In the sights of a joystick killing machine
CNN gets rare up-close look at Predator drones
By Brent Sadler
[Editor's note: In our Behind the Scenes series, CNN correspondents share their experiences in covering news and analyze the stories behind the events. Brent Sadler is on assignment in Afghanistan.]
CNN's Brent Sadler stands at the airfield, while a drone targets him from above.
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KANDAHAR, Afghanistan (CNN) -- -- As I stood talking into a camera on a remote airstrip in Kandahar, a Predator drone circled the sky, putting me into its sights with its high-precision cameras -- and just a trigger away from being turned into the charred remains of a Hellfire missile.
About 8,000 miles away, someone at Nellis Air Force Base in Nevada could look at me through the Predator's zoom lens and determine whether I should live or die. I could not see the Predator or hear it, but I could imagine how it must feel in the control box at Nellis when a high-value target is in their sights.
"The heart beats faster and the concentration levels really kick in," said Capt. Jon Songer, the squadron leader of the 62nd Expeditionary Reconnaissance Flight.
The unsuspecting target has no clue that once the Predator locks on, the final moments of life are upon you. Nothing is seen, nothing is usually heard. It's a clinical, surreal form of destroying a target.
The Predator is the U.S. military's most sophisticated killing machine in the war on terror -- a flying assassin constantly searching for Osama bin Laden and other top al Qaeda members. In one successful strike in Yemen in late 2002, a CIA Predator killed six suspected al Qaeda members, including a former bin Laden security guard who was suspected of playing a key role in the October 2000 attack on the USS Cole that killed 17 U.S. sailors.
"This is the way of the future," Songer said. "Just the ability from the other side of the world to locate and destroy enemy targets is incredible, unbelievable -- to be able to do this from Vegas and destroy high value targets, perhaps bin Laden himself one day."
The flexible war machine
It was an eerie feeling on that airstrip at Kandahar Air Field in southern Afghanistan. The plane was a long way off and out of eyesight, as it typically is on such missions. In essence, it's a silent killer.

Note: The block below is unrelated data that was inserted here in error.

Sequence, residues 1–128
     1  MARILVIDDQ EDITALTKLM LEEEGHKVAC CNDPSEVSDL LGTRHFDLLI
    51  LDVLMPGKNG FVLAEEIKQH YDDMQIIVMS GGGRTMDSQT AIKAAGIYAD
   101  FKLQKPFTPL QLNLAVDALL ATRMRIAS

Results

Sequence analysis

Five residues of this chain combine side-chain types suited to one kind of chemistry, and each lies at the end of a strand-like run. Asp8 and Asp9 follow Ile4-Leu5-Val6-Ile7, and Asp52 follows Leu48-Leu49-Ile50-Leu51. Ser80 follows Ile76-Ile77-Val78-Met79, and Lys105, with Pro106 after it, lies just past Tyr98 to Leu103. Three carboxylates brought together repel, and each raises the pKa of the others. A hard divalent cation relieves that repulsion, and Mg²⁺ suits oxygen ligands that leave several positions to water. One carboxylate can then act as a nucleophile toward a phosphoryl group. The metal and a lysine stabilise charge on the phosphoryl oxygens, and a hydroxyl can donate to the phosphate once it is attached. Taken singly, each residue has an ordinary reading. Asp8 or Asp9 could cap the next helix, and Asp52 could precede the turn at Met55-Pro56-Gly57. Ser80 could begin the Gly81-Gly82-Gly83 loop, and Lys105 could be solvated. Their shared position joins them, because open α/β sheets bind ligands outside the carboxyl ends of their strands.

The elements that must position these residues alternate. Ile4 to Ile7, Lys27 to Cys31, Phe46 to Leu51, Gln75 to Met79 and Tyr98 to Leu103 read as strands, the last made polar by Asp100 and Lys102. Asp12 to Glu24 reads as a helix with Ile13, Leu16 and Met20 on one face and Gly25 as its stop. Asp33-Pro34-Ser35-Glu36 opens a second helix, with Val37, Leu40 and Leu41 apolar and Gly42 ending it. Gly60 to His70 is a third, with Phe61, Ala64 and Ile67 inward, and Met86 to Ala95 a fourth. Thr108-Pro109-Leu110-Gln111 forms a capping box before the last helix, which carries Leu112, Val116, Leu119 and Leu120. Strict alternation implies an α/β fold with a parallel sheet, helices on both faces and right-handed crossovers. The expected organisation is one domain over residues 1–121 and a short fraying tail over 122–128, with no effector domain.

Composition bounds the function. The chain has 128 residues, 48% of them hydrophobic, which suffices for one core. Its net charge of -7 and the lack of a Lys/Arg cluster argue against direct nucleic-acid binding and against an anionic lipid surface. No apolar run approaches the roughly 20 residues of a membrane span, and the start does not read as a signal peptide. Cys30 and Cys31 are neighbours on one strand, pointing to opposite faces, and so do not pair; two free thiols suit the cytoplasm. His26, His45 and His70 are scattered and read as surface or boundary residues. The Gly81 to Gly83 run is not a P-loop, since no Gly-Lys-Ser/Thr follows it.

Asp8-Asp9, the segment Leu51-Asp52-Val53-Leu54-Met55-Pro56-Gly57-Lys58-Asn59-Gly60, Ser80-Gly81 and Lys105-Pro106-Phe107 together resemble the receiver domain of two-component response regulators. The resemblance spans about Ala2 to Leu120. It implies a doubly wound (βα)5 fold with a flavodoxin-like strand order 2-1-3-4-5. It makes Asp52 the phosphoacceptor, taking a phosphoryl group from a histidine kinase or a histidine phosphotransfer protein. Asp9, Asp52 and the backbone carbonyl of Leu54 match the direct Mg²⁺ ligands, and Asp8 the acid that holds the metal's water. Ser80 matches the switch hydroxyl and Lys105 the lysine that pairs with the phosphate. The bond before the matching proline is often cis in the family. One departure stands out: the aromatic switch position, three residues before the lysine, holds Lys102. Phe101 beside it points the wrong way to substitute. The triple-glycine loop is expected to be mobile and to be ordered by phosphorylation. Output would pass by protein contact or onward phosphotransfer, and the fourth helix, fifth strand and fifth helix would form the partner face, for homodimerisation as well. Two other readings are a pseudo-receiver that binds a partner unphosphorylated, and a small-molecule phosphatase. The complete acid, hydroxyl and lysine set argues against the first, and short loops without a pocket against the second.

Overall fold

If it's below 15,000 feet, you might hear the drone of the engine. But it's virtually impossible to see at that altitude. It's also difficult to detect by radar and very difficult for an enemy plane to shoot down. In Afghanistan, there are no enemy planes to worry about, so the Predator's spying goes unchallenged.
CNN was given rare access to the highly classified planes, which are operated by the U.S. Army, Navy and Air Force, as well as the CIA. Each plane is worth about $4 million and armed with two powerful Hellfire missiles.
But the Predator's evolving role as a machine in the war on terror has drawn fire. Critics dispute the legality of targeted killing under U.S. and international law, especially if host nations are not told of the lethal strike.
Touring the airfield, I could not help but touch and feel the bird. My first close-up glimpse of the craft took my breath away.
The 48.7-foot wingspan of the squadron's Predator MQ-1L is slender and flexible. I applied a little pressure to feel the bend. Indeed, this war machine is so flexible you can bend it with hand pressure.
Predators are not fast, cruising about 80 miles an hour. The rear-mounted propeller seems small for the size of the craft -- what amounts to little more than a snowmobile engine strapped to a glider. It can fly for 20 hours at a time with a range of 450 miles on 100 gallons of fuel.
It is outfitted with an array of cameras and sensors in a classified nose pod. I was not told exactly what is inside the clearly visible swiveling ball, but I knew there was enough vision capability to spot a sniper in a window at great distance.
"At the front of the aircraft, you have the video camera. It's got both electric optic and infrared capability. What does that mean? It can see both in daylight and at night," Songer said.
The number of Predators operating in Afghanistan is classified. But there are enough of them in Songer's squadron to maintain an aerial view of the battlefield every hour of every day and night. The missions are always top secret.
I was told that one of the Predators in front of me recently fired a Hellfire missile at a group of Taliban insurgents, killing 12 of them. It was launched by a young woman who is 23.
On the prowl for bin Laden
Predators are flown over Afghanistan, but they are hands-on controlled by pilots and sensor operators at Nellis Air Force Base through a satellite KU band link. Kandahar's ground controllers launch and recover the Predators.
"It could be flown from Alaska, the North Pole, anywhere you wanted to fly this airplane from you could," said Songer. "All you need is the ground control station and the link to be able to talk to the aircraft."
The 62nd Expeditionary's Predators sometimes carry an American flag over the skies of Afghanistan on reconnaissance missions in support of Operation Enduring Freedom. One of those special flags was presented to a U.S. family whose son was killed in action fighting the Taliban.
The Predator that carried that flag was believed to have launched a deadly strike against the same insurgent group that killed the American soldier.
"We were proud to be able to present that flag," Songer said.
Six years ago, before the September 11, 2001, terrorist attacks, a CIA spy plane captured what is believed to be bin Laden in its sights -- a tall figure wearing a white robe. The drones were not equipped with missiles at that time.
The question now is: Will the Predator get a second chance at bin Laden?
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